# Assignment Partitioner

#### 2020-10-17

rquery::extend_se() and rquery::extend() each automatically partition a sequence of assignments so that no statement is using any value created in the same partition element or group. This is to eliminate potentially dangerous ambiguity in statements.

For such a partition: the evaluation result does not depend on the order of execution of the statements in each group (as they are all independent of each other’s left-hand-sides). A no-dependency small number of groups partition is very helpful when executing expressions on SQL based data interfaces (such as Apache Spark).

The method used to partition expressions is to scan the remaining expressions in order taking any that: have all their values available from earlier groups, do not use a value formed in the current group, and do not overwrite a value formed in the current group.

This partitioning method ensures safe and correct results, and can lead to far fewer groups (and much more efficient queries) than the straightforward method of breaking up the sequence of expressions at each new-value use.

Here is a non-trivial database based example (demonstrating methods that might be used in big data work such as with Spark). We are going to assign pairs of items to complimentary treatment (“T”) and control (“C”) groups based on already populated pseudo-random numbers (pre-populating the pseudo-random numbers is to avoid known issues in using rand() in RSQlite, and would not be necessary with other databases).

run_vignette <- requireNamespace("DBI", quietly = TRUE) && requireNamespace("RSQLite", quietly = TRUE)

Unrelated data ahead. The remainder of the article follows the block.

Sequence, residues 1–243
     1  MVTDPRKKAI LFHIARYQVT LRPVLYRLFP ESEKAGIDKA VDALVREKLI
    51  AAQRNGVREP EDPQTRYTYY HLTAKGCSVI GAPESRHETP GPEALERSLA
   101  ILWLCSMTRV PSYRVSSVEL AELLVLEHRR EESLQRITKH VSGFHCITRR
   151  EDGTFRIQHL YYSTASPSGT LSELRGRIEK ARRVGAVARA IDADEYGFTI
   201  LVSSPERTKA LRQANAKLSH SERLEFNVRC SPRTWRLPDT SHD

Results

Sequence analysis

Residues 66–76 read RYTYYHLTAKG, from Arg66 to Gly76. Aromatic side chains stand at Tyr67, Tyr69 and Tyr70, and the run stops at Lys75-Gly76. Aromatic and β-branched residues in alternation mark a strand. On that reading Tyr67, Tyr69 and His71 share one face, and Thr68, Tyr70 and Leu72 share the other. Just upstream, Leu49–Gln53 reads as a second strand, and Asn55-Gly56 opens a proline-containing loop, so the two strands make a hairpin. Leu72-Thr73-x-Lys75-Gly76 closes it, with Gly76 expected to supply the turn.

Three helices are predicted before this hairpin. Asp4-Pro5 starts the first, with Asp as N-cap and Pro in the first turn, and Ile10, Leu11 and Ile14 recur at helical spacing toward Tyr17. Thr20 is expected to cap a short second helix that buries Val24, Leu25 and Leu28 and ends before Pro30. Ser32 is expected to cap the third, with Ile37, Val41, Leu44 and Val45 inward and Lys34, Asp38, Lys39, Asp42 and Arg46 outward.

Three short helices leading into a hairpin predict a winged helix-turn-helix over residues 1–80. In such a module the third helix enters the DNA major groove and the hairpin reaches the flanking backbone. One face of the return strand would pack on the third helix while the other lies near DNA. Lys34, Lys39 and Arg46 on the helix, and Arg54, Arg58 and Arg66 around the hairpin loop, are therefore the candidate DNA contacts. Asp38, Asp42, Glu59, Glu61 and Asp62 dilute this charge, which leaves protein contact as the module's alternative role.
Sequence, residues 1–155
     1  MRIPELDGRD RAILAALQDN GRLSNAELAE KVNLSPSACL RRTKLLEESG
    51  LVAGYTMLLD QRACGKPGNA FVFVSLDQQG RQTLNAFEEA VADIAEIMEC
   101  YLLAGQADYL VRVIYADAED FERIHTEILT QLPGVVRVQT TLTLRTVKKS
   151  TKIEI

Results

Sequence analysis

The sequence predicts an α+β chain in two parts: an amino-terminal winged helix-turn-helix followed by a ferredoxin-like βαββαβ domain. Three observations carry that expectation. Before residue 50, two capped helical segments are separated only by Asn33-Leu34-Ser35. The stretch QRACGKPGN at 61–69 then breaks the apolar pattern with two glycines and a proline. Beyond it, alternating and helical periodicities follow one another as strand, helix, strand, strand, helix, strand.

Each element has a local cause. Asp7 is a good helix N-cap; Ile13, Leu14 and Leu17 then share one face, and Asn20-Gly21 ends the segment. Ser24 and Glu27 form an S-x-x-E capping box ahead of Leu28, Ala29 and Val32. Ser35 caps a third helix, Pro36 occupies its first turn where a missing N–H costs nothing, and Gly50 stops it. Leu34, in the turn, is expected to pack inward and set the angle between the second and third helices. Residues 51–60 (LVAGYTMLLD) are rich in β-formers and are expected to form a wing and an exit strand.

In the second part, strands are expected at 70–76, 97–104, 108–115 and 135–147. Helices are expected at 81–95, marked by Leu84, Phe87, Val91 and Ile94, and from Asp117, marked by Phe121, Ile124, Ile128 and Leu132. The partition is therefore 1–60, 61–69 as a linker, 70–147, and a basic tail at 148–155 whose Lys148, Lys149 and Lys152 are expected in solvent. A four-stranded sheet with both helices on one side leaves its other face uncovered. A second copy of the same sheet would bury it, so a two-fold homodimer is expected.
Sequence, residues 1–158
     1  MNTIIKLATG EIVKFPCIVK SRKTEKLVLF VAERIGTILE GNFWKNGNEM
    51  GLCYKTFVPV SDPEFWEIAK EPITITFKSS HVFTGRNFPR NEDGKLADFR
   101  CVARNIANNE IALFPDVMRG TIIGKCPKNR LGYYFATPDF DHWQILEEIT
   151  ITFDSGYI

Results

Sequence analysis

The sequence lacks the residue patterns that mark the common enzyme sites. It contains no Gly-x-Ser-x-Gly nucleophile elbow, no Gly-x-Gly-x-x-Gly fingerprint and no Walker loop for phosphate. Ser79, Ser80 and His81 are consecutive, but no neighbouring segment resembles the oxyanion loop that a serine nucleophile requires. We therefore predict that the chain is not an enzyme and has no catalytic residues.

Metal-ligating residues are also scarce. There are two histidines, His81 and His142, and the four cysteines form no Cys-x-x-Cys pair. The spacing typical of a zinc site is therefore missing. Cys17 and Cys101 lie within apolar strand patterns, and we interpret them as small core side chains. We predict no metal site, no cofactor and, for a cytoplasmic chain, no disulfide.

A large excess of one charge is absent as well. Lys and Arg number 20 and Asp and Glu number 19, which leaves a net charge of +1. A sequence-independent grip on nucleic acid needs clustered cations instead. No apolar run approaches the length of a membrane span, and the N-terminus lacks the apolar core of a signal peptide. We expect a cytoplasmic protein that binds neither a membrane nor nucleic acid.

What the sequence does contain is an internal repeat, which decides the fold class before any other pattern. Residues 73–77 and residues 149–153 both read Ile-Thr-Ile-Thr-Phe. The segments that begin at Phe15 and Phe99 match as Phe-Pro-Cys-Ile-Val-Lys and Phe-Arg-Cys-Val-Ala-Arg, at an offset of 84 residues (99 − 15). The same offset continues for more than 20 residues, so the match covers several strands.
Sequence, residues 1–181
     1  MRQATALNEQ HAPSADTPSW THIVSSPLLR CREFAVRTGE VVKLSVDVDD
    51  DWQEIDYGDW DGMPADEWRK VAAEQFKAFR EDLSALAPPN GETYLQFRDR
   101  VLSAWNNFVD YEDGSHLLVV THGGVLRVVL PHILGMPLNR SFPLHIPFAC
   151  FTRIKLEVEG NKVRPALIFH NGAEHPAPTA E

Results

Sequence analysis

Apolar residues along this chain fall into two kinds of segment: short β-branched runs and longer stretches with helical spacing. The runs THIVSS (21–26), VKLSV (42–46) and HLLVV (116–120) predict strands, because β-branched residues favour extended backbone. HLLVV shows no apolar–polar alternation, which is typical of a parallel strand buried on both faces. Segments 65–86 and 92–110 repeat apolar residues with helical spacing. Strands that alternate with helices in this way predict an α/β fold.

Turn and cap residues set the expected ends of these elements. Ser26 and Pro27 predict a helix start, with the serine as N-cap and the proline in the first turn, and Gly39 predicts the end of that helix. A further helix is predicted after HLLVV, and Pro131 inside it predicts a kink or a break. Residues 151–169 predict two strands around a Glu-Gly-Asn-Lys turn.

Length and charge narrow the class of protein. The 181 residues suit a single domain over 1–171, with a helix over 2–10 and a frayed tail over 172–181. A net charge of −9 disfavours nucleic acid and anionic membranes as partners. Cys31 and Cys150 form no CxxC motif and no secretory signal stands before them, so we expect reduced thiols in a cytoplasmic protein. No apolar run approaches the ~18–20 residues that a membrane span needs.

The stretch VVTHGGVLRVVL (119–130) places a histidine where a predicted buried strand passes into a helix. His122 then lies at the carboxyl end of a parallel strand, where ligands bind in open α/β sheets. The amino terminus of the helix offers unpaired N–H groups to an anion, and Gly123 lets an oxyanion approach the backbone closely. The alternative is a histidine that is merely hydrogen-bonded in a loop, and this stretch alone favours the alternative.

library("rquery")
Loading required package: wrapr
# example data
set.seed(3463)
d <- data.frame(id = seq_len(4))
for(group in c('a', 'b', 'c', 'd', 'e')) {
d[[paste0("rand_", group)]] <- runif(nrow(d))
}
my_db <- DBI::dbConnect(RSQLite::SQLite(),
":memory:")
d1 <- rq_copy_to(my_db, "example_table", d)
d1 %.>%
to_sql(., my_db) %.>%
DBI::dbGetQuery(my_db, .) %.>%
knitr::kable(.)
id rand_a rand_b rand_c rand_d rand_e
1 0.8438177 0.9459773 0.2941489 0.1054046 0.3038159
2 0.9045364 0.4839231 0.4654982 0.6617276 0.9056346
3 0.5496617 0.6112306 0.6989960 0.6536909 0.1683751
4 0.6545816 0.6593733 0.9678277 0.8316179 0.0597492
# design the experiment
plan <- d1 %.>%
extend(.,
choice_a = rand_a>=0.5,
a_1 = ifelse(choice_a,
'T',
'C'),
a_2 = ifelse(choice_a,
'C',
'T'),
choice_b = rand_b>=0.5,
b_1 = ifelse(choice_b,
'T',
'C'),
b_2 = ifelse(choice_b,
'C',
'T'),
choice_c = rand_c>=0.5,
c_1 = ifelse(choice_c,
'T',
'C'),
c_2 = ifelse(choice_c,
'C',
'T'),
choice_d = rand_d>=0.5,
d_1 = ifelse(choice_d,
'T',
'C'),
d_2 = ifelse(choice_d,
'C',
'T'),
choice_e = rand_e>=0.5,
e_1 = ifelse(choice_e,
'T',
'C'),
e_2 = ifelse(choice_e,
'C',
'T')
) %.>%
select_columns(.,
qc(id,
a_1, a_2, b_1, b_2,
c_1, c_2, d_1, d_2,
e_1, e_2))

cat(format(plan))
mk_td("example_table", c(
"id",
"rand_a",
"rand_b",
"rand_c",
"rand_d",
"rand_e")) %.>%
extend(.,
choice_a := rand_a >= 0.5,
choice_b := rand_b >= 0.5,
choice_c := rand_c >= 0.5,
choice_d := rand_d >= 0.5,
choice_e := rand_e >= 0.5) %.>%
extend(.,
a_1 := ifelse(choice_a, "T", "C"),
a_2 := ifelse(choice_a, "C", "T"),
b_1 := ifelse(choice_b, "T", "C"),
b_2 := ifelse(choice_b, "C", "T"),
c_1 := ifelse(choice_c, "T", "C"),
c_2 := ifelse(choice_c, "C", "T"),
d_1 := ifelse(choice_d, "T", "C"),
d_2 := ifelse(choice_d, "C", "T"),
e_1 := ifelse(choice_e, "T", "C"),
e_2 := ifelse(choice_e, "C", "T")) %.>%
select_columns(.,
c('id', 'a_1', 'a_2', 'b_1', 'b_2', 'c_1', 'c_2', 'd_1', 'd_2', 'e_1', 'e_2'))

Notice rquery::extend_se() split the work into 3 unambiguous groups. The statements inside each group can now be executed in any order (or even in parallel) with no ambiguity of meaning or risk of error. The goal was: split into a small number of groups such that the observable execution semantics are very close to executing the original statements in order in completely separate groups (which is likely what a user intends).